Roger Federer and Serena Williams have both advanced to the semifinals of the Australian Open. This brings Williams a step closer to equaling Steffi Graf's record of 22 Grand Slam titles.
Williams, the women's world No. 1, took less than 90 minutes to brush past her longtime rival Maria Sharapova 6-4, 6-1 on Tuesday to enter the top four at the tennis season's first Grand Slam event.
After the match, the34-year-old American
played down the rivalry with her 28-year-old Russian rival, whom she has now beaten in their last 18 contests.
"I'm not sure why it happened. Doesn't matter who I'm playing, I just try to go out there and play the best I can. It's not necessarily anyone in particular," Williams said.
"When I play her, I know automatically I have to step up my game. I think that makes me play better. When I play better, when I'm forced to play better, I don't know, I do well."
Williams, who got out to a sluggish start in the first set, also revealed that she had suffered from what she described as "food poisoning issues" before the match.
The win takes the American one step closer to a 22nd Grand Slam title, which would equal the record set by Germany's Steffi Graf. She is to face fourth-ranked Agnieszka Radwanska of Poland in the semifinals, after she put out Carla Suárez Navarro 6-1, 6-3.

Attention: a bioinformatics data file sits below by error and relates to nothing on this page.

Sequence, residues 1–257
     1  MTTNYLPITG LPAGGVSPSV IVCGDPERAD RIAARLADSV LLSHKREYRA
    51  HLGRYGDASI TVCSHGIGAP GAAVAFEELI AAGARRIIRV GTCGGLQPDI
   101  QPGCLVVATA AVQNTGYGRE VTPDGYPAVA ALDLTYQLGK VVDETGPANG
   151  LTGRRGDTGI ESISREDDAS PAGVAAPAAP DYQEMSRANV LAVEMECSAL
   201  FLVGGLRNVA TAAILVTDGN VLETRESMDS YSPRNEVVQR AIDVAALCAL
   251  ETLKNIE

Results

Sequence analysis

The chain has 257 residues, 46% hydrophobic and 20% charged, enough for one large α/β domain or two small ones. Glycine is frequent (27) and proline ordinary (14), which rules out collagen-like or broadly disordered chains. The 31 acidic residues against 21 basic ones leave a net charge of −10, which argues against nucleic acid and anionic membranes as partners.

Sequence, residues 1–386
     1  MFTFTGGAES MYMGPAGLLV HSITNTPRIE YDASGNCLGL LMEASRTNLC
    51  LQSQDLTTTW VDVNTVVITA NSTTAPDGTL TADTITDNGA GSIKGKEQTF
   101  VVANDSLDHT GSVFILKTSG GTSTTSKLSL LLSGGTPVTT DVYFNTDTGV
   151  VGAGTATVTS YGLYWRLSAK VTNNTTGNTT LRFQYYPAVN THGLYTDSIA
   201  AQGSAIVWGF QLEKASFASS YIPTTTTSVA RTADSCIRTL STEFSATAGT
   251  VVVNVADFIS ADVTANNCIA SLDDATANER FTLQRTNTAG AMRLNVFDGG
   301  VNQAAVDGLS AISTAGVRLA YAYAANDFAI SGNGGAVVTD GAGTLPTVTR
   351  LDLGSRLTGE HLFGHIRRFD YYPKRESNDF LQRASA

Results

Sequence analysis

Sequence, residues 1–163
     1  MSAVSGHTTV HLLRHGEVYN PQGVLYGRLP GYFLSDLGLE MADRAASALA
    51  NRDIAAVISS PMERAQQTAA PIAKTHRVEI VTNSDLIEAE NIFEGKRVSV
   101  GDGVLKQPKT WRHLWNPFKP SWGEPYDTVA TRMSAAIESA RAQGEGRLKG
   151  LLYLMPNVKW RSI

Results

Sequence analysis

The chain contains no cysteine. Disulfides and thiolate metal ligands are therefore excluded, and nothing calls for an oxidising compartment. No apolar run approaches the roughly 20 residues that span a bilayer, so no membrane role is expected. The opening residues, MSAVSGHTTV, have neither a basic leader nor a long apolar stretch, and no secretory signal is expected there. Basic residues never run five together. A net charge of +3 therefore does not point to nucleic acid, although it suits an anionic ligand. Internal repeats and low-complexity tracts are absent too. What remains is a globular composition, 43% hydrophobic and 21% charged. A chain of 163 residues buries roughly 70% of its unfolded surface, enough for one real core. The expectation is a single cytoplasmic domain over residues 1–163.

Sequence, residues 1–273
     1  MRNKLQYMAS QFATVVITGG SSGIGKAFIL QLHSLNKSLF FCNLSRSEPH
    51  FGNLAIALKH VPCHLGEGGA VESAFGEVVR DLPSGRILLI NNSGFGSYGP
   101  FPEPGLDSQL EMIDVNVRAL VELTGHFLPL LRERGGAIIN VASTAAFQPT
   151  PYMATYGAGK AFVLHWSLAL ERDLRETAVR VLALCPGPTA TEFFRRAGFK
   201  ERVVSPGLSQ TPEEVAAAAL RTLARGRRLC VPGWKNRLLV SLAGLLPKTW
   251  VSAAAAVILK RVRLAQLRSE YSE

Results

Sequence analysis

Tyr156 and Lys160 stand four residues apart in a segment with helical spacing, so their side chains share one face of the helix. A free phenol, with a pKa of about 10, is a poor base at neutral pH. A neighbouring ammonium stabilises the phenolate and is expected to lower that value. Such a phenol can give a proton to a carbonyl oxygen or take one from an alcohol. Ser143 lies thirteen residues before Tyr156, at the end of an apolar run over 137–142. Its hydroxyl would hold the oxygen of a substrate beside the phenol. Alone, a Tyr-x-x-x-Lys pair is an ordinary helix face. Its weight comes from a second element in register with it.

Federer battles past Berdych
On the men's side,world No. 3 Roger Federer
moved a step closer to his fourth title at Melbourne and his first Grand Slam since Wimbledon in 2012 by battling past sixth seed Tomas Berdych 7-6 (7-4), 6-2, 6-4 in two and a quarter hours.
The 34 -year-old Swiss national said afterwards that he was keen to add an 18th Grand Slam title to his trophy cabinet.
"It would mean a lot to me - no doubt about it," Federer said. "That's part of the reason why I guess I'm still playing. I feel like I'm competitive at the top. I can beat all the guys on tour."
Federer is to faceNovak Djokovic in the semis, after the Serbian world No. 1 beat Japan's Kei Nishikori in straight sets, 6-3, 6-2. 6-4.
pfd/ (dpa, Reuters, AFP, AP)